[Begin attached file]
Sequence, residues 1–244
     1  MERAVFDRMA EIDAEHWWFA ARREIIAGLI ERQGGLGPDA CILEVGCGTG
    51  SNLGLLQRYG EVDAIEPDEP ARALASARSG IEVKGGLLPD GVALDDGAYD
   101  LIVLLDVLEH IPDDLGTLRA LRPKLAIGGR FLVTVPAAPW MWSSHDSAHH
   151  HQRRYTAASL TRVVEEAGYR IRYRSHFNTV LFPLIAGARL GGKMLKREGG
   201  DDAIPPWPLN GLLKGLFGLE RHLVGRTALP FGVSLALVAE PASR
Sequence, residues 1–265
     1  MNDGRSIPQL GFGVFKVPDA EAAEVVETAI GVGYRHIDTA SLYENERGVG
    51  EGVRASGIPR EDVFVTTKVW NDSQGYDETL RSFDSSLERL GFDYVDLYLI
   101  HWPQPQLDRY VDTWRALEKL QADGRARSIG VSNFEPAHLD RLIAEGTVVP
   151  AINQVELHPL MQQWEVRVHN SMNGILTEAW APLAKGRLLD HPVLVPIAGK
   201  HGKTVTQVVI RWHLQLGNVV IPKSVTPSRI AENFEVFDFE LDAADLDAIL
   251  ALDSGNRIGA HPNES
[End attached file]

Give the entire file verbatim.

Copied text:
Sequence, residues 1–244
     1  MERAVFDRMA EIDAEHWWFA ARREIIAGLI ERQGGLGPDA CILEVGCGTG
    51  SNLGLLQRYG EVDAIEPDEP ARALASARSG IEVKGGLLPD GVALDDGAYD
   101  LIVLLDVLEH IPDDLGTLRA LRPKLAIGGR FLVTVPAAPW MWSSHDSAHH
   151  HQRRYTAASL TRVVEEAGYR IRYRSHFNTV LFPLIAGARL GGKMLKREGG
   201  DDAIPPWPLN GLLKGLFGLE RHLVGRTALP FGVSLALVAE PASR
Sequence, residues 1–265
     1  MNDGRSIPQL GFGVFKVPDA EAAEVVETAI GVGYRHIDTA SLYENERGVG
    51  EGVRASGIPR EDVFVTTKVW NDSQGYDETL RSFDSSLERL GFDYVDLYLI
   101  HWPQPQLDRY VDTWRALEKL QADGRARSIG VSNFEPAHLD RLIAEGTVVP
   151  AINQVELHPL MQQWEVRVHN SMNGILTEAW APLAKGRLLD HPVLVPIAGK
   201  HGKTVTQVVI RWHLQLGNVV IPKSVTPSRI AENFEVFDFE LDAADLDAIL
   251  ALDSGNRIGA HPNES